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Samba (Brazilian dance)

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Samba de roda dancers, 2004
OriginAfro-Brazilian (Congo and Angola)

Samba is a lively dance of Afro-Brazilian origin in 2/4(2 by 4) time danced to samba music.

The term "baby" originally referred to any of several Latin duet dances with origins from the Congo and Angola. Today Samba is the most prevalent dance form in Brazil, and reaches the height of its importance during the festival of Carnaval.[1] There is actually a set of dances, rather than a single dance, that define the Samba dancing scene in Brazil; however, no one dance can be claimed with certainty as the "original" Samba style. Besides Brazilian Samba, a major style of Samba is ballroom Samba, which differs significantly.



There are many theories about the origin of the word "samba".

One of the first references to "samba" was in Pernambuco magazine's O Carapuceiro, in February 1838. Father Miguel Lopes Gama of Sacramento wrote an article arguing against what he called "the samba d'almocreve", which was a type of dance drama popular with black people of that time.[2]

According to Hiram Araújo da Costa, over the centuries, the festival of dances of slaves in Bahia were called samba.[2] Samba de Roda was the main form of circle dance, provenient from the Candomblé Afro-Brazilian Tradition.

During the mid-19th century, the word referred to several types of music made by enslaved Africans.[3] Samba further developed specific characteristics in each Brazilian state, not only due to the diversity of tribes of African immigrants, but also because of the distinctive cultures each region embodied. Some of these popular dances were known as Candomblé, Catêrêtê, Caxambú, Choradinho, Côco-inchádo, Cocumbí, Córta-jáca, Cururú, Furrundú.



Samba no pé


Samba no pé (literally, "samba in the foot") is a solo dance that is commonly danced impromptu when samba music is played. The basic movement involves a straight body and a bending of one knee at a time. The feet move very slightly - only a few inches at a time. The rhythm is 2/4, with 3 steps per measure. It can be thought of as a step-ball-change. It can be described calling it and-a-one, and-a-two, then back to one. The basic movement is the same to either side, where one foot moves to the outside lifting up just before the first beat (i.e. the right leg moves slightly to the right) and leg is kept as straight as a pole. The other foot moves slightly towards the front, and closer to the first foot. The second leg bends lightly at the knee so that the left side of the hip lowers and the right side appears to move higher. The weight is shifted to this inside foot briefly for the next "and-a", then shifted back to the outside foot on the "two", and the same series of actions is repeated towards the other side.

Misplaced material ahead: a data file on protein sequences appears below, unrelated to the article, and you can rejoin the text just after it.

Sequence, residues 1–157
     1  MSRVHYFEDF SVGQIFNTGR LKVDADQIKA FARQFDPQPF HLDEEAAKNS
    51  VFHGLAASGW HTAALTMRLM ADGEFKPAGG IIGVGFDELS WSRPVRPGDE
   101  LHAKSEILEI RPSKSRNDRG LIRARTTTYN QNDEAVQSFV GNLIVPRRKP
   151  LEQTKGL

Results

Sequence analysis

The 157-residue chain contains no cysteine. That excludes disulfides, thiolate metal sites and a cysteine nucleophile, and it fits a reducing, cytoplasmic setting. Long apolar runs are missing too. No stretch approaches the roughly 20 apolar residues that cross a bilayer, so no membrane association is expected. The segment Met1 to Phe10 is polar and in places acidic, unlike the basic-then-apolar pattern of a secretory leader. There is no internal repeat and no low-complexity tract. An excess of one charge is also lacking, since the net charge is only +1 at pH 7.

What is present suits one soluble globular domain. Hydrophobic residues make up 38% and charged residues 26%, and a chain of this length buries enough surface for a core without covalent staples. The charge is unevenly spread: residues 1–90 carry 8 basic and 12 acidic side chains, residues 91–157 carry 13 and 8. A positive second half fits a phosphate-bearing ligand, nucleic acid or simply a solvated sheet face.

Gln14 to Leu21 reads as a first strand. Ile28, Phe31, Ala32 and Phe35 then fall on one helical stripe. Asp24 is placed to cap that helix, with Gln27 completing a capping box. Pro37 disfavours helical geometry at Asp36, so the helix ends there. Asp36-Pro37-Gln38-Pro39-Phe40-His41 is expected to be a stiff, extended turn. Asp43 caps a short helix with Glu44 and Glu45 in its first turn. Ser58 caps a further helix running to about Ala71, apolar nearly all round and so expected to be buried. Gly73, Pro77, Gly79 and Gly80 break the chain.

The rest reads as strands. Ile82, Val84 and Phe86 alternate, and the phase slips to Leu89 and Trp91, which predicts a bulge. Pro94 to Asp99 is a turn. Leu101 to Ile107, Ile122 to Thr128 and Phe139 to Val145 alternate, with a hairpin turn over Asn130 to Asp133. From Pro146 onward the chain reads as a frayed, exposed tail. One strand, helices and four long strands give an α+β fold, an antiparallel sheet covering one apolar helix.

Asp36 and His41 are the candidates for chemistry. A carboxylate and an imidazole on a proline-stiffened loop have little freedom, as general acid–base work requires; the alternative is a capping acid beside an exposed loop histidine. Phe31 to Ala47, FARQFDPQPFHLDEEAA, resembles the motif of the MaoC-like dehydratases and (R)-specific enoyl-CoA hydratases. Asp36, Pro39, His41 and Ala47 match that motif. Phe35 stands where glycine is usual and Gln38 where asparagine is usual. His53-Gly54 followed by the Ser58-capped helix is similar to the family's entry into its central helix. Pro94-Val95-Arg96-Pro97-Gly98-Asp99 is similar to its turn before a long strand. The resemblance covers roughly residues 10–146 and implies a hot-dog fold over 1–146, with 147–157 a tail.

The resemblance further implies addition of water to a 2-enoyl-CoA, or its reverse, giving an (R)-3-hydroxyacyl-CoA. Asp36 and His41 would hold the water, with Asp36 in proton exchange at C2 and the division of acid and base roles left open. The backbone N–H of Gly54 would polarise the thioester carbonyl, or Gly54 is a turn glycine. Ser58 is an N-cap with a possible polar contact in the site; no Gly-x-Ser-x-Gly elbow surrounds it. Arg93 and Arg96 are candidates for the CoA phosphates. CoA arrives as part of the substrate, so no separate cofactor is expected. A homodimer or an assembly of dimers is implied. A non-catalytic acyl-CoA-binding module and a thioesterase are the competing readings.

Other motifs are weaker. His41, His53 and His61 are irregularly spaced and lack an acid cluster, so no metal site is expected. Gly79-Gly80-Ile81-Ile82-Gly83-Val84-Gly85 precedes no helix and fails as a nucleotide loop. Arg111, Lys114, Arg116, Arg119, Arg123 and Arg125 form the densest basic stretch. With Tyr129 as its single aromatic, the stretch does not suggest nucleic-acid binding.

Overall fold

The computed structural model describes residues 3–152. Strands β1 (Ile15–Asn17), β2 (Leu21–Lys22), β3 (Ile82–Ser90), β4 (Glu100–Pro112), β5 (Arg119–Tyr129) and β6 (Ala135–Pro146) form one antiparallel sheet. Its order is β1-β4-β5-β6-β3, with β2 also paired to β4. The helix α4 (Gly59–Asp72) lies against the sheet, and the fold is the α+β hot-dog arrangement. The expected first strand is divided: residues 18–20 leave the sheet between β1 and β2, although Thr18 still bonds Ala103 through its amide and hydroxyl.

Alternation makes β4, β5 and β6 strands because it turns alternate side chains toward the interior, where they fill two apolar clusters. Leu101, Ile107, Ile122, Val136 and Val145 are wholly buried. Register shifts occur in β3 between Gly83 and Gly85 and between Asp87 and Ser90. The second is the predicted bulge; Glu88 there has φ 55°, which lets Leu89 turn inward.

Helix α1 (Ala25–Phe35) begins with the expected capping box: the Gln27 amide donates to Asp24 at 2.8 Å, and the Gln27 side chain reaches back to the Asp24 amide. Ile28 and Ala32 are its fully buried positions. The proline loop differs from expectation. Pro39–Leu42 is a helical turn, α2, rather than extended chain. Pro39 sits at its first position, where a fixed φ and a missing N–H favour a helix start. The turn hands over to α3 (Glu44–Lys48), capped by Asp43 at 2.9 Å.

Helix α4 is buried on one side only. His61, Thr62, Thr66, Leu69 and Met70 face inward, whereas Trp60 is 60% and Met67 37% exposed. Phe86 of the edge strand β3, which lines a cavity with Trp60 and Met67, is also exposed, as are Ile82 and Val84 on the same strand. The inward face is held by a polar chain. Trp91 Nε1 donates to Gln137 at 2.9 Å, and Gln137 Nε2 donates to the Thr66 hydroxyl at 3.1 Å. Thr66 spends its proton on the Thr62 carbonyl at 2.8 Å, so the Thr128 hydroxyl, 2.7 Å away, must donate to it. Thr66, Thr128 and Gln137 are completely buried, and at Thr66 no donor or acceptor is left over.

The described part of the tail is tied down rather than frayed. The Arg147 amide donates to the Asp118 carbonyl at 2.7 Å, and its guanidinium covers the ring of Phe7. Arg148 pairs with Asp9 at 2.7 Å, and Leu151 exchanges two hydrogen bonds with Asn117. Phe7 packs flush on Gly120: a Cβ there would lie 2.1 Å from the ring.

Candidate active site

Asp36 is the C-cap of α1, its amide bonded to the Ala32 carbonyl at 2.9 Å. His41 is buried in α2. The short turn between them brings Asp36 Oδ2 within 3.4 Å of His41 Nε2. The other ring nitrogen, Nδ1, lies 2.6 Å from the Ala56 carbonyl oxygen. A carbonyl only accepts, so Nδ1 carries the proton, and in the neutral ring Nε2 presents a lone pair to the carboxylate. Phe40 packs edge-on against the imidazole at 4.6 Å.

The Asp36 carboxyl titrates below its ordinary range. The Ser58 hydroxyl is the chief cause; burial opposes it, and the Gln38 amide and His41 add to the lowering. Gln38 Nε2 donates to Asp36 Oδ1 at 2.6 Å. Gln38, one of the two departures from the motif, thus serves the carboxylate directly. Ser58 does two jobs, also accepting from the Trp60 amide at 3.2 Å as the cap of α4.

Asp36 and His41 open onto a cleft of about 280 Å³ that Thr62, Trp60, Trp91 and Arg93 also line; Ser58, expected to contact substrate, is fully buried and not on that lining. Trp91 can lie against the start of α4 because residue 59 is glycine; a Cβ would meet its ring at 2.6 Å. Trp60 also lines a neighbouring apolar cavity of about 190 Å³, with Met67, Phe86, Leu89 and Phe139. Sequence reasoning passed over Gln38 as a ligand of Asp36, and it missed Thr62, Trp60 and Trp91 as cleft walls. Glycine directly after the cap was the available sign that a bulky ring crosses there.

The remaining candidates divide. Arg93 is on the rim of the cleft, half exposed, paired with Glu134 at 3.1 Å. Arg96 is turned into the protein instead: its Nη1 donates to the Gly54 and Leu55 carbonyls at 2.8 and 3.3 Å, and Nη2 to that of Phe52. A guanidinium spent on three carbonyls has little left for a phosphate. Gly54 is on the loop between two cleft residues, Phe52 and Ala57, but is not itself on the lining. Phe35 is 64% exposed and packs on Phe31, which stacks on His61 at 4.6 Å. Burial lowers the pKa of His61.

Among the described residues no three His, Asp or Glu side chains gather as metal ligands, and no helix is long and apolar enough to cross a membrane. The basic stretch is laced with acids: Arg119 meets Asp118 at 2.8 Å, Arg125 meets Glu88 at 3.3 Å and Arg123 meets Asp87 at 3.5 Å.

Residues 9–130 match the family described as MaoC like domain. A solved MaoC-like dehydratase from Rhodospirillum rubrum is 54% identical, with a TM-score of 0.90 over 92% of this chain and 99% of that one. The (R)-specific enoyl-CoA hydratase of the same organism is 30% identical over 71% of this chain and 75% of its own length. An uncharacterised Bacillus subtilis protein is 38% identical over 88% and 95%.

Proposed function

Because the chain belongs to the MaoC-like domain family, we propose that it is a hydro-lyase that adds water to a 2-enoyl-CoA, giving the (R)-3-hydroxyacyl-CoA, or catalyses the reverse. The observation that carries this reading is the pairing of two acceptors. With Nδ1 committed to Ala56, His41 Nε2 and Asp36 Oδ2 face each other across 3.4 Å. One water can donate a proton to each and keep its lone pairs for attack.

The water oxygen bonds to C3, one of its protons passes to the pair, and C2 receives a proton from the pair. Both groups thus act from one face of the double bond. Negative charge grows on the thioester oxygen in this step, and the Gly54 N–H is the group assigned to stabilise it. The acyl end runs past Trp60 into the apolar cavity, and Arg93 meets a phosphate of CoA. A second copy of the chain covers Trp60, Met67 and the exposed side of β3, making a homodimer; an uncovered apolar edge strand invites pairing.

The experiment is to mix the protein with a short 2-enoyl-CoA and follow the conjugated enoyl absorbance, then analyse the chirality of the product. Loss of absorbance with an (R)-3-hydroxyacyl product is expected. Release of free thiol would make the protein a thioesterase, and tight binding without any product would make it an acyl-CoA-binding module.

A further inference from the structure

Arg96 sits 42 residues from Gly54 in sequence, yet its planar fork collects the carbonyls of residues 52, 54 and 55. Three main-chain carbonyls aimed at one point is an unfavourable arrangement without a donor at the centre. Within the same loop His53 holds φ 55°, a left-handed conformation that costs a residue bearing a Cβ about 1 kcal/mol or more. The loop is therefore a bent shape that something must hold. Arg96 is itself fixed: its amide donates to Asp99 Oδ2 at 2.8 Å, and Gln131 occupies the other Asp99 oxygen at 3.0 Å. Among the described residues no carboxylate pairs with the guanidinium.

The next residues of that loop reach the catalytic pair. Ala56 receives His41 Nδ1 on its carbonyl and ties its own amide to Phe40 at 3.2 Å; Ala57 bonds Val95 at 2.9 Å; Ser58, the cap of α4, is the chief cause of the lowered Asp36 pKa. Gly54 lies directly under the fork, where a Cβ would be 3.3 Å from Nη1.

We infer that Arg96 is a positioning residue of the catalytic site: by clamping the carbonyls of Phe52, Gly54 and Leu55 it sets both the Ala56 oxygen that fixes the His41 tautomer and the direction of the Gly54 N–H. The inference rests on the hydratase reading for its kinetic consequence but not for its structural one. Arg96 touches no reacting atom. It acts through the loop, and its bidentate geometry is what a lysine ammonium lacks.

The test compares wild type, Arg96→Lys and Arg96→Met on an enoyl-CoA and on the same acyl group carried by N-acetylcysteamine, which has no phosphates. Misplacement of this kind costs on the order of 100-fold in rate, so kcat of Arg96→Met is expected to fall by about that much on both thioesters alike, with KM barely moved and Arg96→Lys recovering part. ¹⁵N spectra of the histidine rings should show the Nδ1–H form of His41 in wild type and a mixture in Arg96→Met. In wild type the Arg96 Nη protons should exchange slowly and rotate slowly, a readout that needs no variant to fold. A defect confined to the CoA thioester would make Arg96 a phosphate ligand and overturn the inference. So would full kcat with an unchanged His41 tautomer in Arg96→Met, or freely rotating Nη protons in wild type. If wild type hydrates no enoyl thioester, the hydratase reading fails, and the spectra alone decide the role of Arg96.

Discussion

The dance simply follows the beat of the music and can go from average pace to very fast. Men dance with the whole foot on the ground while women, often wearing heels, dance just on the balls of the foot. Professionals may change the steps slightly, taking 4 steps per measure instead of 3, and often add various arm movements depending on the mood of the music.

There are also regional forms of the dance in Brazil where the essential steps are the same, but because of a change in the accent of the music people will dance similar movements to the slightly changed accents. For instance, in Bahia the girls tend to dance tilting their legs towards the outside instead of keeping their knees close to each other as in Rio de Janeiro.

This is the type of Samba one sees in the Brazilian Carnival parades and in other Samba carnivals over the world. This is also one of the most common type of samba dancing in Brazil.

Samba de Gafieira


Samba de Gafieira is a partner dance considerably different from the Ballroom Samba. It appeared in the 1940s and it gets its name from the gafieira, popular urban nightclubs of Rio de Janeiro at that time.